In the face of recent and ongoing public criticism of my alma mater, Georgetown Preparatory School, I cannot in good conscience remain silent.
Having testified before Congress multiple times as a constitutional due process expert, and having both served as a Senate-confirmed inspector general and authored “The Inspector General Handbook” (2013), I am the first to reserve judgment on unproven allegations.
On the other hand, the ongoing public allegations against Georgetown Prep — in the context of the upcoming Senate confirmation vote on Judge Brett Kavanaugh to replace retired Supreme Court Justice Anthony Kennedy — warrant an immediate public response by someone with personal knowledge of Georgetown Prep.
A Washington Post “story” over the past weekend is subtitled: “The Post’s Greg Jaffe says misogyny ran deep at elite D.C. boys’ schools like his and Bret Kavanaugh’s.” The article is based upon what the author describes as what “Christine Blasey Ford said in The Washington Post that Kavanaugh had drunkenly pinned her on her back and groped her when he was a high school junior” — at Georgetown Prep more than 30 years ago.
Whatever Mr. Jaffe remembers from his own “elite D.C. boys’ school,” his description that “misogyny ran deep” describes neither the Georgetown Prep I experienced as a student in the 1970’s nor the Georgetown Prep to which I sent five of my six sons between 1995 and 2015.
Of course, no respectable school in America officially promotes misogyny. What Mr. Jaffe’s article suggests, instead, is that, “the same misogynistic culture” that he recalls from his own Montgomery County, Maryland, all-boys prep school also “ran deep” at Georgetown Prep.
Although I cannot speak from experience about Mr. Jaffe’s school, the Georgetown Prep I know from my own student experience in the 1970’s and as a Georgetown Prep father over two decades, misogyny did not and does not “run deep.” To the contrary, the Georgetown Prep I know deeply inculcates into all of its students two mottos attributed to St. Ignatius of Loyola, founder the Society of Jesus, a.k.a. the Jesuits, both of which are antithetical to misogyny: “Men for Others” and “Ad Majorem Dei Gloriam” (“for the greater glory of God”).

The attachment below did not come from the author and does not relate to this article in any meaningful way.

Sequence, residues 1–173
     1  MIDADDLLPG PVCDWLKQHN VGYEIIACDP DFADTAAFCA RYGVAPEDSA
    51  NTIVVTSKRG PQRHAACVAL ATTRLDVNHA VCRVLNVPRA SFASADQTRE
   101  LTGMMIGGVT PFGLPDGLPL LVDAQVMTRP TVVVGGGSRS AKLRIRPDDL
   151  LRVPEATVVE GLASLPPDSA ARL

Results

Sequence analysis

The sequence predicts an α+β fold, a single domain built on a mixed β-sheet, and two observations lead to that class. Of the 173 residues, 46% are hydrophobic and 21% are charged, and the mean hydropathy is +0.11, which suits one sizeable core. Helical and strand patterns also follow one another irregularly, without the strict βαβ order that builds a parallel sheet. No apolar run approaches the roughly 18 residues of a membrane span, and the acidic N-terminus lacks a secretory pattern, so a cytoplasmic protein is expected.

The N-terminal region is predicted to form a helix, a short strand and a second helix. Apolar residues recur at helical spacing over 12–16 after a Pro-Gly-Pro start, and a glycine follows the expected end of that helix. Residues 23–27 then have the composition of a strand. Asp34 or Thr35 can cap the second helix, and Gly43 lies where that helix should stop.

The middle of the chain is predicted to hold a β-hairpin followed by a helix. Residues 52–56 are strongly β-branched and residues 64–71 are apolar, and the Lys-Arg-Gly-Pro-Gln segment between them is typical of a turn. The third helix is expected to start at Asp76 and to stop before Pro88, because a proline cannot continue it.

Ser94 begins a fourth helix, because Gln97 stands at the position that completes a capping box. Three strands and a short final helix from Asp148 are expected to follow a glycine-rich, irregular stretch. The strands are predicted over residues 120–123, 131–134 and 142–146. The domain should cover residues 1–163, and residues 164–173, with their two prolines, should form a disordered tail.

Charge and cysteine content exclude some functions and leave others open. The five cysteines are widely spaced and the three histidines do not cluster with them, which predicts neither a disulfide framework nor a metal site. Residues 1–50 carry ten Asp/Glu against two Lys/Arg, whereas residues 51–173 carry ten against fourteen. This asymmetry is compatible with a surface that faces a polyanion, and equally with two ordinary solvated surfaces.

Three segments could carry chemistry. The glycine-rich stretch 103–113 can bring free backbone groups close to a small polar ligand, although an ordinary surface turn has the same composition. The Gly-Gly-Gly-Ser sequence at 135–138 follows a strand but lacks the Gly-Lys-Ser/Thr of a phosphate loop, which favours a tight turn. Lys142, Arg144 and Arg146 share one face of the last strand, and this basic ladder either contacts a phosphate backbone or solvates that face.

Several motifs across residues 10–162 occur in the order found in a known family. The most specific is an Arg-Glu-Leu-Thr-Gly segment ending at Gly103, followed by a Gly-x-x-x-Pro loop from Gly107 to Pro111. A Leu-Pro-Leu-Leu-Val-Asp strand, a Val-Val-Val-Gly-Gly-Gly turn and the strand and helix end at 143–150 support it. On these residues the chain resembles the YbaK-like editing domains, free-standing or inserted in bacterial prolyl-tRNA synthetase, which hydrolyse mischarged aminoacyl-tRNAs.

None of my five sons who attended Georgetown Prep ever hinted at anything remotely misogynistic. As was I in the 1970’s, each of my five sons who attended Georgetown Prep was taught to respect all “others,” including other men and women. That respect is at the very core of who we are: “Men for others,” serving others “for the greater glory of God.”
Today, according to one Catholic priest, whose homily is reprinted in Lifesitenews.com, “We aren't just simply living in days that are evil, we are living in the days that Isaiah spoke about, the days when they will call evil good and good evil. And we have been brainwashed into thinking that evil things are okay, they're not.”
Misogyny and sexual assault are both evil things.
Regarding the sexual assault allegations against Judge Kavanaugh, all Americans are, of course, entitled to the presumption of innocence unless and until proven guilty. According to recent guidance from our Supreme Court, all Americans are also entitled by our Constitution to procedural due process:
“For more than a century the central meaning of procedural due process has been clear: Parties whose rights are to be affected are entitled to be heard; and in order that they may enjoy that right they must first be notified. It is equally fundamental that the right to notice and an opportunity to be heard must be granted at a meaningful time and in a meaningful manner. These essential constitutional promises may not be eroded.” (Hamdi v. Rumsfeld, 542 U.S. 507, 533 (2004) (internal quotes and cites omitted)).
Whatever comes of the sexual assault allegations against Judge Kavanaugh, based on what allegedly occurred when he was a student at Georgetown Prep in the 1980’s, I am not aware any credible evidence that “misogyny ran deep” at Georgetown Prep, not during my time there in the 1970’s, not during Brett Kavanaugh’s time there in the 1980’s, and not during my five sons’ time over two decades starting in 1995.
All graduates of Georgetown Prep, whether or not they are up for Senate confirmation, should not by stigmatized with unproven allegations of misogyny or sexual assault without “notice and an opportunity to be heard . . . at a meaningful time and in a meaningful manner. These essential constitutional promises may not be eroded.”
Joseph E. Schmitz served as a foreign policy and national security advisor to Donald Trump during the 2016 presidential campaign. The opinions expressed in this article are his personal opinions. Schmitz served as Inspector General of the Department of Defense from 2002-2005 and is now Chief Legal Officer of Pacem Solutions International. He graduated with distinction from the U.S. Naval Academy, earned his J.D. degree from Stanford Law School, and is author of "The Inspector General Handbook: Fraud, Waste, Abuse, and Other Constitutional ‘Enemies, Foreign and Domestic.’" Read more reports from Joseph E. Schmitz — Click Here Now.
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